Gear Generation

North Building, Level 3

Remember the quote from Archimedes, “Give me a lever and a place to stand and I will move the earth”? Well, it so happens that when you have two gears, you have a lever. So, arguably gears and the means to make them have been undergoing improvement since circa 250 BCE. They are still leveraging power in things ranging from precision medical devices to wind turbines.

This pavilion includes: Gear hobbers, shapers, cutters, grinders, shavers; broaching equipment; measuring machines.

Machine Components/Cleaning/Environmental

East Building, Level 2

Consider machine components in the context of “For the want of a nail.” Without them, whether it is a servo or a way cover, things don’t operate smoothly (if at all). And as for the cleaning and environmental aspects: Not only are there regulatory and health and safety issues, but large manufacturers are also requiring suppliers to be in environmental compliance, to say nothing of social awareness. Yes, this matters. A lot.

Included: Filtration, purification, separation, electrical, noise control equipment; washers and cleaners; ballscrews, bearings, spindles, motors; conveyors and AGVs; assembly, motion control, and test equipment; software.

Metal Removal

South Building, Level 3

Yes, subtractive manufacturing. Still the means by which most durable goods manufacturing is performed. But now with greater levels of capability, precision, and networking capability. To borrow the old Oldsmobile line: “Not your father’s machine tools.”

Among the machines, centers, and systems: Machining and turning centers; boring, drilling, transfer, screw, milling, turning, EDM machines; automated manufacturing and assembly systems.

Quality Assurance

East Building, Level 3

“If you cannot measure it, you cannot improve it.” – Lord Kelvin

“If you can’t measure it, you can’t change it.” – Peter Drucker

“One accurate measurement is worth a thousand expert opinions.” – Grace Hopper

Smart people, one and all.

This pavilion includes: Various measuring machines (coordinate, laser, vision); gaging systems (stand-alone, in-process); and software.

Tooling & Workholding Systems

West Building, Level 3

No cutting is going to occur without a tool. No accurate cutting (or forming or measuring or …) is going to occur without fixturing. Which goes to the point that no matter how sophisticated, complex, or networked your operation, without these things, it simply won’t work as planned.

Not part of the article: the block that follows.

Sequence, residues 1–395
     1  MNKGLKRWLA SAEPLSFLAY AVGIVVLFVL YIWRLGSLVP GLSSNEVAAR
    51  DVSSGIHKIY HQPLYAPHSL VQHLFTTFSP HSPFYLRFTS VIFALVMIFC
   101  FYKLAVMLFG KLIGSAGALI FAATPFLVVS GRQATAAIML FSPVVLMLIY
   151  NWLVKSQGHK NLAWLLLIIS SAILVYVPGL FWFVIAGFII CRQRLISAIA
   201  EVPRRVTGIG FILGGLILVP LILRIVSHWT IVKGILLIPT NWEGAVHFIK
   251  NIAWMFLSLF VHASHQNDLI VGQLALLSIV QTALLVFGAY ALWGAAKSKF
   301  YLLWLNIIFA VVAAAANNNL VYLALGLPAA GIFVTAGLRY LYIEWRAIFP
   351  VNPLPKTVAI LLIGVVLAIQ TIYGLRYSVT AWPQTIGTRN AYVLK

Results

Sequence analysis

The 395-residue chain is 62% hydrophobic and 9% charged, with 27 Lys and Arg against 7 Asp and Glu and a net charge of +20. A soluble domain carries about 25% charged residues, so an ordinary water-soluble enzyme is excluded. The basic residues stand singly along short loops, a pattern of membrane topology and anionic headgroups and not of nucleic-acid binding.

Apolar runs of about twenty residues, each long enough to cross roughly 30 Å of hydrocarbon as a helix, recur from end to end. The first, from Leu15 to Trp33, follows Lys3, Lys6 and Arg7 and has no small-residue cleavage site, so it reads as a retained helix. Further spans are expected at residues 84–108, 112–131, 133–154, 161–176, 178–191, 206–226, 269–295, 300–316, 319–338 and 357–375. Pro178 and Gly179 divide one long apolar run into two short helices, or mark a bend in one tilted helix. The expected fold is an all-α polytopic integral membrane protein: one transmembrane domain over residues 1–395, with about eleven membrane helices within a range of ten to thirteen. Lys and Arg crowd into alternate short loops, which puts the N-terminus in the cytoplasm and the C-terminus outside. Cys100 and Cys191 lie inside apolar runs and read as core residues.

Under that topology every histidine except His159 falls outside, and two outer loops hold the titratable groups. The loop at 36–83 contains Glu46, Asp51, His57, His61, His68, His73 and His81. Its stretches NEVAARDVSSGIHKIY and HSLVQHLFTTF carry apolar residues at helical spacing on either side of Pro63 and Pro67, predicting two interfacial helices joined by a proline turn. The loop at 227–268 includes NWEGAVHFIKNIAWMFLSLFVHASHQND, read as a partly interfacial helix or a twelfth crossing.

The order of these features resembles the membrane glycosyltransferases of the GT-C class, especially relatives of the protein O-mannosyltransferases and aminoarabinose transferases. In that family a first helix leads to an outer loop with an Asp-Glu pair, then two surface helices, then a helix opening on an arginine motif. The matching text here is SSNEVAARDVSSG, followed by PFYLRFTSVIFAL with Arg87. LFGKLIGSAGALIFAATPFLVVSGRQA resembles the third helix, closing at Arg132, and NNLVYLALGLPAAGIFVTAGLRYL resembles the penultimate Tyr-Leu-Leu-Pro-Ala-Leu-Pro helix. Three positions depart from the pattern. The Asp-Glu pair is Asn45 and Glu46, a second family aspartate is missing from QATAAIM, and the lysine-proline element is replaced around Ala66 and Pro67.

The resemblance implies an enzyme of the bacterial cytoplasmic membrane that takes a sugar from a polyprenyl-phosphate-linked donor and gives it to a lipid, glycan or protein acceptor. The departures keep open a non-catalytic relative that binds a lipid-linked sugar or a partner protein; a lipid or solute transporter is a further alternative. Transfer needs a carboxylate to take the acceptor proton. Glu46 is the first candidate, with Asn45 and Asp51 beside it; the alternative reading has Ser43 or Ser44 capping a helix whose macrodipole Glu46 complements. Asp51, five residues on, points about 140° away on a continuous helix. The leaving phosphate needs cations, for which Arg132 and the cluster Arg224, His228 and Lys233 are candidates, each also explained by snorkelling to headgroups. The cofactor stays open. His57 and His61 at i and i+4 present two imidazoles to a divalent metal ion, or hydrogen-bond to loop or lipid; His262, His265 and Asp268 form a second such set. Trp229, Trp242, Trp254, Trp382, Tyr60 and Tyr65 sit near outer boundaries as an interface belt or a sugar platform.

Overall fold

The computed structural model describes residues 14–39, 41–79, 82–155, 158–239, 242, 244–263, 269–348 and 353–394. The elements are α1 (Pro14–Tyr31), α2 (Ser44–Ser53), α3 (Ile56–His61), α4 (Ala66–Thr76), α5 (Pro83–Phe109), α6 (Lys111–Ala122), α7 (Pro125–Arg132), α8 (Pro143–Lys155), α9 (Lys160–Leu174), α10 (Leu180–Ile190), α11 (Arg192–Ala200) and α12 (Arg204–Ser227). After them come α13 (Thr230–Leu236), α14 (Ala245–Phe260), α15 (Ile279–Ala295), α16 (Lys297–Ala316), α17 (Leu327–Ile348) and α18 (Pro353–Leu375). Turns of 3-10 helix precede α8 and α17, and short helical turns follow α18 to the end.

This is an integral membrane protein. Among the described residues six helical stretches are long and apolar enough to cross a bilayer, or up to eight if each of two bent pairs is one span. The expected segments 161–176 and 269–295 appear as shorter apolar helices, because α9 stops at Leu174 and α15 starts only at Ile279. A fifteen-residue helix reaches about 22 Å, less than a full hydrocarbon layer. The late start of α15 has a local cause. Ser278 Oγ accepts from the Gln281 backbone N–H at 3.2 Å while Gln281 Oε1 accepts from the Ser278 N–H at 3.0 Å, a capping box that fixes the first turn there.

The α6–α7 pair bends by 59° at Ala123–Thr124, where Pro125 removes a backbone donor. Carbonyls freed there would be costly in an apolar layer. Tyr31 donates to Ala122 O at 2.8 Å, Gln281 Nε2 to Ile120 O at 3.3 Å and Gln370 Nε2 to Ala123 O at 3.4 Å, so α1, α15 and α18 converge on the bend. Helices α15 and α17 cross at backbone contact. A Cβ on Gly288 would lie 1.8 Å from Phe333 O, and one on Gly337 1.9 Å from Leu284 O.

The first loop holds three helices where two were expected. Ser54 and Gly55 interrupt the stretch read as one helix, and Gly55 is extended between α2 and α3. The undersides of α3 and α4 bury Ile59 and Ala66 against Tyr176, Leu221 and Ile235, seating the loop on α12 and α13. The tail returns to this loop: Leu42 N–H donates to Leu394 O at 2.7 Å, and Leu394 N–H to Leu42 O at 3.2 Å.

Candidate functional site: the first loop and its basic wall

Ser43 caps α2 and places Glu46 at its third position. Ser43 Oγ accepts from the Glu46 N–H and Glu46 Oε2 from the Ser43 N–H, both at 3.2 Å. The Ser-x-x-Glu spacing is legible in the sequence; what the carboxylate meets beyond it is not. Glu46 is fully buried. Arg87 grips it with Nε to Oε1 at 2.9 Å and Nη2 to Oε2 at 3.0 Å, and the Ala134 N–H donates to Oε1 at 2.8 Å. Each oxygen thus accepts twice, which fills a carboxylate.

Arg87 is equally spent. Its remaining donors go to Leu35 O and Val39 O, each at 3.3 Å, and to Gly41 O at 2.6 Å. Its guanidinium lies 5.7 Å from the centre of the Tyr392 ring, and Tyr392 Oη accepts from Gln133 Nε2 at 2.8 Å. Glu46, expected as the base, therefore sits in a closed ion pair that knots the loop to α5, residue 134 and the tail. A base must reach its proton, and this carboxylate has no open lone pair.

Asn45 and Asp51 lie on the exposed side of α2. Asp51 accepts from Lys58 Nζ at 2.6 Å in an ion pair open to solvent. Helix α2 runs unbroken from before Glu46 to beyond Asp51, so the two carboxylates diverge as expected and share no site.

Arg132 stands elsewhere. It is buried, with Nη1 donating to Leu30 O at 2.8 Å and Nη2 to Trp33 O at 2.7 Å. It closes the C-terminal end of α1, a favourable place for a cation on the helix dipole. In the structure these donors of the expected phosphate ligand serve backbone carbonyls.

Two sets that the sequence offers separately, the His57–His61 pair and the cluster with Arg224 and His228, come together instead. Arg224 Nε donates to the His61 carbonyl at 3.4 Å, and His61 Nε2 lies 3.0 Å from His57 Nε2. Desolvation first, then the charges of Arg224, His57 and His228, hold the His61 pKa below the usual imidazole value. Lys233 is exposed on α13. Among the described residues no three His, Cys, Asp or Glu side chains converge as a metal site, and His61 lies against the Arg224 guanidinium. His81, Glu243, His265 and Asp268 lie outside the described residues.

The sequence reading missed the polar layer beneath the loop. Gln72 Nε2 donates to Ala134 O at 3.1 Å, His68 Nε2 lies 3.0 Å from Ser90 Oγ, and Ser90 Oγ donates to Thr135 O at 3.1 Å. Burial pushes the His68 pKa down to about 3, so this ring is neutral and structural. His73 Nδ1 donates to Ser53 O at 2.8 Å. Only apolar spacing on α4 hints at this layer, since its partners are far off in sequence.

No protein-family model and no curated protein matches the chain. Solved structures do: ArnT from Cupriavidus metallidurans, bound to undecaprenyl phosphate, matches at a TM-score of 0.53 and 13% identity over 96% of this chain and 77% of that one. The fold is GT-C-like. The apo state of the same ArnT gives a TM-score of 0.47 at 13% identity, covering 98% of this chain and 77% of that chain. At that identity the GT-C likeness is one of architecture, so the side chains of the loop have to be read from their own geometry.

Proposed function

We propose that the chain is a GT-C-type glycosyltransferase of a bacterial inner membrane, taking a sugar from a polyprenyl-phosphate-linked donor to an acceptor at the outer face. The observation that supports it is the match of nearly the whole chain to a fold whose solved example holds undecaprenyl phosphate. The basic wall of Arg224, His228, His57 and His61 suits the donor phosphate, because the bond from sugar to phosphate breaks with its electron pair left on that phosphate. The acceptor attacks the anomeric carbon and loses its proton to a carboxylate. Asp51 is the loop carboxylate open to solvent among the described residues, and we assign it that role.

At IMTS 2022: Cutting tools; tool holders; work holders; jigs and fixtures; coolants and fluids.

See You in Chicago for IMTS 2022!

The World’s Columbian Exposition was transformative as the 19th century segued into the 20th. And arguably, IMTS 2022, showcasing advances in machinery, software, automation, peripherals and more, will provide transformative capabilities to those manufacturers who embrace the tech as they help build the future. 

PicturePicture
Author
Gary Vasilash
Transportation Editor
Recent technology News
Want to meet a few great manufacturing leaders? IMTS+ has a summer schedule packed with original programming. Tune in for the premiere of the second season of “Profiles in Manufacturing,” which introduces the who’s who of the industry.
Check in for the highlights, headlines, and hijinks that matter to manufacturing. These lean news items keep you updated on the latest developments.
IMTS is chock full of exhibitors, conferences, and other attractions focused on advanced manufacturing technology. This year, AMT is offering IMTS Preview Days, a new, three-episode video series that helps attendees prepare for their visit to IMTS 2022.
I went to my first IMTS in 1986, and I have attended every IMTS since. For me, IMTS falls into the “can’t-miss” category, and I have been thinking about why IMTS 2022 is, to me, so very important.
“Profiles in Manufacturing,” an IMTS+ original network series, tells the stories of leaders, luminaries, and legends who don’t demand; they do. Learn more about the people who are driving manufacturing forward in the newest show on IMTS+.
Similar News
undefined
Intelligence
By Christopher Chidzik | Aug 08, 2022

New orders of manufacturing technology totaled $417.5 million in June 2022, according to the latest U.S. Manufacturing Technology Orders report published by AMT – The Association For Manufacturing Technology.

5 min
undefined
Technology
By Stephen LaMarca | Aug 05, 2022

The spirit of additive. Milling with a robot. “Swiss” printing. Studying (manufacturing) abroad. Chinese robots are stepping up.

5 min
undefined
Technology
By Stephen LaMarca | Jul 27, 2022

To be clear, this isn’t about ragging on AM. In fact, the disruption and attention generated by 3D printing made way for Pocket NC. Let me tell you about it.

4 min